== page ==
During your stay in the projects, you will always have some time for yourself. In Namibia, if you stay for more than two weeks, you can take the opportunity to go on an excursion to Swakopmund on your free weekend and enjoy the cozy restaurants, bars and some sights. Alternatively, you can spend your free time at the base camp surrounded by the unique wilderness.
In the Seychelles, you work six days a week. Fridays are usually free. Every day from 04:00 PM, you can rent water sports and surfing equipment in the staff village and get to know North Island's underwater world by swimming, snorkelling and diving. You can also go hiking on the island or head to the main island of Mahé and explore the capital of Victoria.
Arrival in Namibia
Elephant project in Damaraland
Onward journey from Namibia to the Seychelles
Species conservation project on North Island
End of your sabbatical and departure/onward travel
“Of course, observing the desert elephants was a great experience. However, I will never forget falling asleep under the incredibly beautiful starry sky, which was an absolute highlight for me.”
“This project really does its job and benefits the locals.”
“Als Stadtmensch habe ich mich sofort in die Stille und Schönheit der Insel verliebt. Ich hatte mich der Natur noch nie so nahe gefühlt.”
“To me, the overall island feeling was beyond words and with it the “isolation from the outside”, animals and nature were unique.”
Damaraland is located in the northwest of Namibia. Characterized by gorges, hills and table mountains, it is one of the most impressive and interesting areas of the country. The extraordinary landscapes and the fauna, which constantly need to defy the region’s drought, surely leave each visitor in awe. Particularly in the west, populations of the highly endangered black rhino can be found alongside the impressive desert elephants.
Damaraland also has a lot to offer culturally: rock and cave paintings from thousands of years ago can be admired as part of a visit to the Spitzkoppe, the Brandberg or Twyfelfontein. Damaraland – a real highlight of a journey through the vastness of Namibia.
2. North Island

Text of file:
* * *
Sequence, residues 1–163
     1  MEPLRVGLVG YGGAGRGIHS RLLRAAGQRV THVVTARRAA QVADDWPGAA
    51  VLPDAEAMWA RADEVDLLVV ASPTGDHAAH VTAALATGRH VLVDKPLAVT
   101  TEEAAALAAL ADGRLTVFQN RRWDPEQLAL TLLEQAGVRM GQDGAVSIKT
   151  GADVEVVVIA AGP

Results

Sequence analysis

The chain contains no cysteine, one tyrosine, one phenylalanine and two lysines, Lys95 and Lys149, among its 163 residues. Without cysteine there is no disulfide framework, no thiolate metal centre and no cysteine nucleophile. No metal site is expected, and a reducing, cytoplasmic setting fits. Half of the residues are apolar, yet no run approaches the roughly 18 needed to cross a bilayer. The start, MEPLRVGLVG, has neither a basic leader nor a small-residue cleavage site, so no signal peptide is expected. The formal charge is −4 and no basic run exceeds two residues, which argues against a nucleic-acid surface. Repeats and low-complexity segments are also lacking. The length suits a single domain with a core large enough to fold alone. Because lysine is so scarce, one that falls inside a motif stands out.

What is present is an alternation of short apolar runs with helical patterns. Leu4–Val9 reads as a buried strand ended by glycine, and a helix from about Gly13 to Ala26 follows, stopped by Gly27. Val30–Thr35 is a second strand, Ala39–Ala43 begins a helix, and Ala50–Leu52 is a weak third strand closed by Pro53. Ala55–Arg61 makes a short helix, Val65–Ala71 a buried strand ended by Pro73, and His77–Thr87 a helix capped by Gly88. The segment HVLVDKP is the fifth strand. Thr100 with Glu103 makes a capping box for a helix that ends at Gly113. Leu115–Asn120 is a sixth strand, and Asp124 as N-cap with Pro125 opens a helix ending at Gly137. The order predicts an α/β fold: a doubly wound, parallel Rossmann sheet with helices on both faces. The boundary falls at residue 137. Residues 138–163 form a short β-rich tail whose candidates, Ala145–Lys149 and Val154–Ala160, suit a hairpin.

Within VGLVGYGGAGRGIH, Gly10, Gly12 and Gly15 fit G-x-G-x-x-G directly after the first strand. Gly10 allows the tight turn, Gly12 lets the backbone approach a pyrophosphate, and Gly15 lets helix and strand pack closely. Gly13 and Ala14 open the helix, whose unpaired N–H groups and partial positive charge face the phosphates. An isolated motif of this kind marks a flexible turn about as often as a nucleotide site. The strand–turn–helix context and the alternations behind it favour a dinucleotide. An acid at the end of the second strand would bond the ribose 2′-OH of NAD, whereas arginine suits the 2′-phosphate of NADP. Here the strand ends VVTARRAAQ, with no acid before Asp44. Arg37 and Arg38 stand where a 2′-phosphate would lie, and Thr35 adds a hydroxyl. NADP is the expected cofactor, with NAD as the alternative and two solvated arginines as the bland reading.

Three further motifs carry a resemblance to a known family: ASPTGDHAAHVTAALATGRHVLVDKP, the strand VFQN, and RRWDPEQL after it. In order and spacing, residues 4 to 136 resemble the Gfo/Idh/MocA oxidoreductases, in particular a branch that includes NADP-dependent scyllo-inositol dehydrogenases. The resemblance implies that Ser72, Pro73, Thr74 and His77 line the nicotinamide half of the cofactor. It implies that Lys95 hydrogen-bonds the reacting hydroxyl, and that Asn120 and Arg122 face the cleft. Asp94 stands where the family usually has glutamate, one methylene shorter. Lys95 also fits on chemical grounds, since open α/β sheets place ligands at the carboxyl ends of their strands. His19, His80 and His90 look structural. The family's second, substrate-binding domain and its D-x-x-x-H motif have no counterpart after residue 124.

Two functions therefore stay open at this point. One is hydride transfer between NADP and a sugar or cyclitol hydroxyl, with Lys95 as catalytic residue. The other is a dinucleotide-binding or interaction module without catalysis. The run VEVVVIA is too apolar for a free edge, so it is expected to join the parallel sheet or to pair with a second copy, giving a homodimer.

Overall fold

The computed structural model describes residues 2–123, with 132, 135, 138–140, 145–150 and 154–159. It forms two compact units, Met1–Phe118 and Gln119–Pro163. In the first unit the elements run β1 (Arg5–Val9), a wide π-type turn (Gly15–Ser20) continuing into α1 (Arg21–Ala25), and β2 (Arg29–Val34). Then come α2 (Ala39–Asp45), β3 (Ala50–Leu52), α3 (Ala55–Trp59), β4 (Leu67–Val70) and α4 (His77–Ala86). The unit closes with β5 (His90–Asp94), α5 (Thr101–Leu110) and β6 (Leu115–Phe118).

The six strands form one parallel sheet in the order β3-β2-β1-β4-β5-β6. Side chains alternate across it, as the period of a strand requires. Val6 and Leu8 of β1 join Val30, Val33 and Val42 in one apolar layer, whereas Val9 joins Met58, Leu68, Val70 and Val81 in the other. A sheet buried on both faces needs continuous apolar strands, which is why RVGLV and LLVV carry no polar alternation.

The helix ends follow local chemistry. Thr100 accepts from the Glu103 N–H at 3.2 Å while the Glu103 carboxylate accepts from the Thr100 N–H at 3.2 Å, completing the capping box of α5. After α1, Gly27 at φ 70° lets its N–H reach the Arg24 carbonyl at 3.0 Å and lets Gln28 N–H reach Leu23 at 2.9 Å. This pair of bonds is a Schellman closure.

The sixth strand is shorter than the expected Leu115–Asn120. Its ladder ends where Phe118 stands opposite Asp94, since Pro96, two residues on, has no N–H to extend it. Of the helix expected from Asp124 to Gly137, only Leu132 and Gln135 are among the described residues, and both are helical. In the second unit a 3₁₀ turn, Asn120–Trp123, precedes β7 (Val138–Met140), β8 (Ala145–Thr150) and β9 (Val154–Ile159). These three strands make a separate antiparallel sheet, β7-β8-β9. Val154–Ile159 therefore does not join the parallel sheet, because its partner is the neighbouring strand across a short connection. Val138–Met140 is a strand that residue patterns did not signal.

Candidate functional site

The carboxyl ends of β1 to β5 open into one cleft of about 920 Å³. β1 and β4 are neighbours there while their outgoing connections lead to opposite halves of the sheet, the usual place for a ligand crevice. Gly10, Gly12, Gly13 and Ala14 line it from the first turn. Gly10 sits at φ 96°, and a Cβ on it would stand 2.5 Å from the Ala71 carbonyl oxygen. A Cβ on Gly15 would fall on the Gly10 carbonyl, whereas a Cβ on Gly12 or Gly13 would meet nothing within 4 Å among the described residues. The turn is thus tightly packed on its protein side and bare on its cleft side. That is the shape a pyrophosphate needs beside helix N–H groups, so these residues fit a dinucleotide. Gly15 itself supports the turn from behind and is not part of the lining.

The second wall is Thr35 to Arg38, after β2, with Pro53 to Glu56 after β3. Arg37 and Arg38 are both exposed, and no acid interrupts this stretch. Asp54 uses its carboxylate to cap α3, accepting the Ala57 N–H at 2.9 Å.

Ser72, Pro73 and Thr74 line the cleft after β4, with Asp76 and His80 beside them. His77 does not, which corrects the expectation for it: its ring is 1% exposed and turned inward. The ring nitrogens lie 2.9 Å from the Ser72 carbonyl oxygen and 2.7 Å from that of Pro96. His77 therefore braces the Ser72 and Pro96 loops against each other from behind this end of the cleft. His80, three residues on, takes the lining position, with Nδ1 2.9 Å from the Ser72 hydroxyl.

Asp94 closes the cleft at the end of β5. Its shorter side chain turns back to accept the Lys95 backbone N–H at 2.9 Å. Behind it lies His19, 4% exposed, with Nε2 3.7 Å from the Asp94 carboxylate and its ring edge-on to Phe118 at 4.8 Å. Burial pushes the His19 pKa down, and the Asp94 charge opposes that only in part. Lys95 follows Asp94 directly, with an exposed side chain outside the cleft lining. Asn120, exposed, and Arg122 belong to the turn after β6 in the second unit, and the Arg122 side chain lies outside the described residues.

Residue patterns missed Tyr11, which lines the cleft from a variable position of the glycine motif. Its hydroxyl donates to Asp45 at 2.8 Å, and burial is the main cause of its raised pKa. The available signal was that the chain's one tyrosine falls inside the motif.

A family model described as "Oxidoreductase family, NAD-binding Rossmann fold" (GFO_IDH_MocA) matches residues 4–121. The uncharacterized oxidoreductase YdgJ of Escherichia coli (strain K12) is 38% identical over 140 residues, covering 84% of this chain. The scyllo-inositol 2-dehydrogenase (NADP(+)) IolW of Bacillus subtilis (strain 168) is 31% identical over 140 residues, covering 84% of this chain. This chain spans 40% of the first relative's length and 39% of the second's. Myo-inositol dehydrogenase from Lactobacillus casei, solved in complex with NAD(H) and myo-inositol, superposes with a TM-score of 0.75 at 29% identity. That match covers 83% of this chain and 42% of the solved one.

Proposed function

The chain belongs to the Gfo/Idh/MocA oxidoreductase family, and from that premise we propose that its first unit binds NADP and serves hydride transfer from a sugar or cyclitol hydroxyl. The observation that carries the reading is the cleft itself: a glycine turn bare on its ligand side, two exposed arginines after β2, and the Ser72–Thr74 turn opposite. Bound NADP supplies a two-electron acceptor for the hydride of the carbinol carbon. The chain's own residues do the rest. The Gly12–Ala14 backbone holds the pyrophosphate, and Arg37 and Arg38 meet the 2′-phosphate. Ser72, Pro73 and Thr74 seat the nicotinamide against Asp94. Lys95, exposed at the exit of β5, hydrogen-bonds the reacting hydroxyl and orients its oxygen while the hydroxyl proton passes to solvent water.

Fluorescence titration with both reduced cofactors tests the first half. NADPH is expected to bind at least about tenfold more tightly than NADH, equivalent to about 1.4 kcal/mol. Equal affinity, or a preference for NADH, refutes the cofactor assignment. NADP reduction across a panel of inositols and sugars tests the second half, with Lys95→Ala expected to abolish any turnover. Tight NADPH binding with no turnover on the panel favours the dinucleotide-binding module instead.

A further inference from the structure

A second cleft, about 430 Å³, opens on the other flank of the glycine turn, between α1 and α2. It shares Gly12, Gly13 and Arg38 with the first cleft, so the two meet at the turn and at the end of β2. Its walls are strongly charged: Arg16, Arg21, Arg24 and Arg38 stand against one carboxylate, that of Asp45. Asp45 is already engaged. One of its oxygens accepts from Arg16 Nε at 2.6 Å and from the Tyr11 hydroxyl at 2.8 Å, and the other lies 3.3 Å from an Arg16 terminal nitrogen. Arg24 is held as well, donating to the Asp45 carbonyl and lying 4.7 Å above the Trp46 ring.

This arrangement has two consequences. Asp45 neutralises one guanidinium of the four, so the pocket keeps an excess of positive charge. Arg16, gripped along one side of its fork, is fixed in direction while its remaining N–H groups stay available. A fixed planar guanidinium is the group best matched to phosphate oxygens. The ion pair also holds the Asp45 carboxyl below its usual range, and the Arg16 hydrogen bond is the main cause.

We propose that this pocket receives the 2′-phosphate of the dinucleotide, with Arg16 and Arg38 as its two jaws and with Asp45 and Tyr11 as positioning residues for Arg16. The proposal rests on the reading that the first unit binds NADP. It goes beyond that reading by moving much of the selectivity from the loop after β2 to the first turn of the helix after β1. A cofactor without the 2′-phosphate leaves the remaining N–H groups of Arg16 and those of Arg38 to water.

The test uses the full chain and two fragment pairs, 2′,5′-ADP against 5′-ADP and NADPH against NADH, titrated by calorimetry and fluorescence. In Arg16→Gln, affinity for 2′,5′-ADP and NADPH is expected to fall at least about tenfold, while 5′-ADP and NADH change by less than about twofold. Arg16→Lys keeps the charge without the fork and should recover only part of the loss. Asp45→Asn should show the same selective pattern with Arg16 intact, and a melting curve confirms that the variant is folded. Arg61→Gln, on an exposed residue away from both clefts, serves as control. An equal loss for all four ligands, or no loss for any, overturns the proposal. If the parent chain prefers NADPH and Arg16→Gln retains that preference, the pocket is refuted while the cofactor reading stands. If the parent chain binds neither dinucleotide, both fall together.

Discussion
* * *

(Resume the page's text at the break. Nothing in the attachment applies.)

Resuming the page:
The private island of North Island in the Seychelles is a magnificent island jewel that combines peace and relaxation with unparalleled natural beauty. North Island lies in the heart of the Seychelles archipelago – white sandy beaches, a turquoise ocean and a mountainous, wooded hinterland characterize the landscape. Also the tropical mangrove forests and impressive granite formations amaze its guests.
During your time as a species conservation volunteer you will have the opportunity to experience the natural beauty of the island up close, actively contribute to its protection and encounter fascinating, partly endemic species in their natural habitat.
Background of your sabbatical in Namibia and the Seychelles
This sabbatical combines the magical, dusty expanses of Damaraland with the marine paradise of North Island.
As a volunteer in the two projects in Namibia and the Seychelles, you will gain a multi-faceted insight into real species conservation and get to know different species – from rare desert elephants to fascinating sea turtles.
But why exactly do we need your helping hands? Namibia's Damaraland is a region affected by the so-called human-elephant conflict. This conflict stems from the fact that the local population often uses the same water sources as the local elephant herds, making them inaccessible to them. In their search for water, the animals push further and further into human settlements and unknowingly damage the villages’ infrastructure.
As a result, the population tries to drive the elephants away which repeatedly leads to wounded or even dead animals. The aim of the species conservation project we support in Namibia is to protect the elephants from straying into human settlements by means of construction measures. In addition, alternative water sources are to be developed in order to provide both humans and animals with undisturbed access to drinking water.
In the Seychelles, on the other hand, large-scale coconut cultivation until the 1970s led to severe damage to nature and thus to the decrease of native species. As a volunteer, you contribute to restoring and preserving the island’s unique natural areas and habitats.